LONDON (AFP) - British police said on Monday they had arrested a 21-year-old man returning from Istanbul to London's Stansted airport on suspicion of being involved in terrorism abroad.
It is the sixth anti-terrorism arrest in the past week involving travel to Turkey, which shares a border with Syria.
London's Metropolitan Police declined to say whether the latest arrest was linked to the conflict in Syria, where numerous Britons have travelled to fight with jihadi groups.
"It wasn't for any threat to the UK," a police spokesman told AFP.
The 21-year-old was stopped at Stansted at 8.40pm (4.40am Singapore time) on Sunday after flying in from Istanbul via the German city of Stuttgart, police said in a statement.
Shortly after 1.00am (9am Singapore time) on Monday, he was formally arrested on suspicion of being involved in the commission, preparation and instigation of terrorism offences.
Detectives have since carried out searches of three addresses in connection with the investigation, according to the statement, and inquiries are ongoing.
In another case this week, two 21-year-old men from Birmingham in central England were charged on Friday with travelling to Syria for the purposes of terrorism.
Mohammed Nahin Ahmed and Yusuf Sawar had been arrested at London's Heathrow Airport on January 13 on a flight back from Istanbul.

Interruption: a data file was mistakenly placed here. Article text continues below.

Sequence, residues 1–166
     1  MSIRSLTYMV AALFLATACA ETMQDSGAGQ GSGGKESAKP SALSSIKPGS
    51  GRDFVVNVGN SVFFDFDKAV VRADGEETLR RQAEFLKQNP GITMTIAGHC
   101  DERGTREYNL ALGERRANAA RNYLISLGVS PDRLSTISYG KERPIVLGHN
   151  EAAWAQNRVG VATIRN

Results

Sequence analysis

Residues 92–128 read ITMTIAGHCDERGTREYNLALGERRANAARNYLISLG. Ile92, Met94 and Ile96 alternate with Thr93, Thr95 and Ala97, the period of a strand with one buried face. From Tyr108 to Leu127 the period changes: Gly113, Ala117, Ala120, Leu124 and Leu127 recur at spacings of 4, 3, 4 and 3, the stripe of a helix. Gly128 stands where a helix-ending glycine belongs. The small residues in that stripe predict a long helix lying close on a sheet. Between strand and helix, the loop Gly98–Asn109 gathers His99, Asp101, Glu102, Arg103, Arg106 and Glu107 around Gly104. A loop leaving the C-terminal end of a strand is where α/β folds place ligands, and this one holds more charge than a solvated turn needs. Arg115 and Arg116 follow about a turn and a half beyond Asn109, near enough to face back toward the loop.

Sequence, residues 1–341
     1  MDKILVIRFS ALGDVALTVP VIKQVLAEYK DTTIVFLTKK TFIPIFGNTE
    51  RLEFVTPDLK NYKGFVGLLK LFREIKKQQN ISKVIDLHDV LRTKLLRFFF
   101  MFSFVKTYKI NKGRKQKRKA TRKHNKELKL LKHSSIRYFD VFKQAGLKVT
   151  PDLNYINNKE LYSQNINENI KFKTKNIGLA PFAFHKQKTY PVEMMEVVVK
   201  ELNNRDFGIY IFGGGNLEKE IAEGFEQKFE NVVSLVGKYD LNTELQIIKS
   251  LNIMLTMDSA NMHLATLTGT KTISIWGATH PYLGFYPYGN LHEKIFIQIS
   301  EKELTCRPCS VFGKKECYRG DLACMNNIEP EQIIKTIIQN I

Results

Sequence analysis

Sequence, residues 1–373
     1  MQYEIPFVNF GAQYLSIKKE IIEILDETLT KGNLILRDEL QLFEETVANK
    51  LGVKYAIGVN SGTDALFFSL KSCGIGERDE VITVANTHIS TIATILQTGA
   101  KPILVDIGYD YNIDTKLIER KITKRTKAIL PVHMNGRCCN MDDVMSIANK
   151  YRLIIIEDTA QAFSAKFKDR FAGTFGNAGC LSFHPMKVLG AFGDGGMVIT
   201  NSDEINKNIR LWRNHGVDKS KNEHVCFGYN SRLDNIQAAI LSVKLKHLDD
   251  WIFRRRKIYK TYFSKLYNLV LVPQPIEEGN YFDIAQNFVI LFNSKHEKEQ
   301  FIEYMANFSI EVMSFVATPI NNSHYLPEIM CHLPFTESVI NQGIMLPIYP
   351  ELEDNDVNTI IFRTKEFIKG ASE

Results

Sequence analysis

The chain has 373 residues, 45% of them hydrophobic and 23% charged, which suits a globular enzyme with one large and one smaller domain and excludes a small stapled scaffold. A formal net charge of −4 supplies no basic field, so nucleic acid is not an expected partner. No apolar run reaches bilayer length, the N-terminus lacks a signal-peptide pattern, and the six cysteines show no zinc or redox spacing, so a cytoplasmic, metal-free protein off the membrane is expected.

They appeared in court on Saturday, where the prosecutor claimed they travelled to Syria in May 2013 using one-way tickets to Turkey.
Sawar's mother found a note explaining the reason for her son's trip was to engage in 'jihad', prompting her to call the police, according to a police statement.
Sawar also said he had aspirations to join a group alleged to be linked to Al-Nusra Front, which is affiliated with Al-Qaeda, and left instructions to cancel his mobile phone contract and settle his debts, police said.
In an another unrelated case, another Birmingham man, also 21, was arrested on Friday on suspicion of attending a terrorist training camp in Syria. He was detained after flying back from Istanbul to London's Gatwick airport.
On Thursday, two women aged 26 and 27 were also arrested on suspicion of terror offences, including one who was about to catch a flight to Istanbul.
Police would not comment on whether the arrests were linked to Syria.
Foreign Secretary William Hague said last week that "hundreds" of Britons were believed to have gone to fight in Syria and security forces were doing their best to monitor the situation.
A jihadi defector told the Daily Telegraph newspaper in an interview published on Monday that Al-Qaeda is training hundreds of Britons fighting in Syria to become jihadists, and urging them to carry out attacks when they return home.
Several other European countries have had similar problems with French President Francois Hollande saying last week that 700 people had left France to join the fighting in Syria.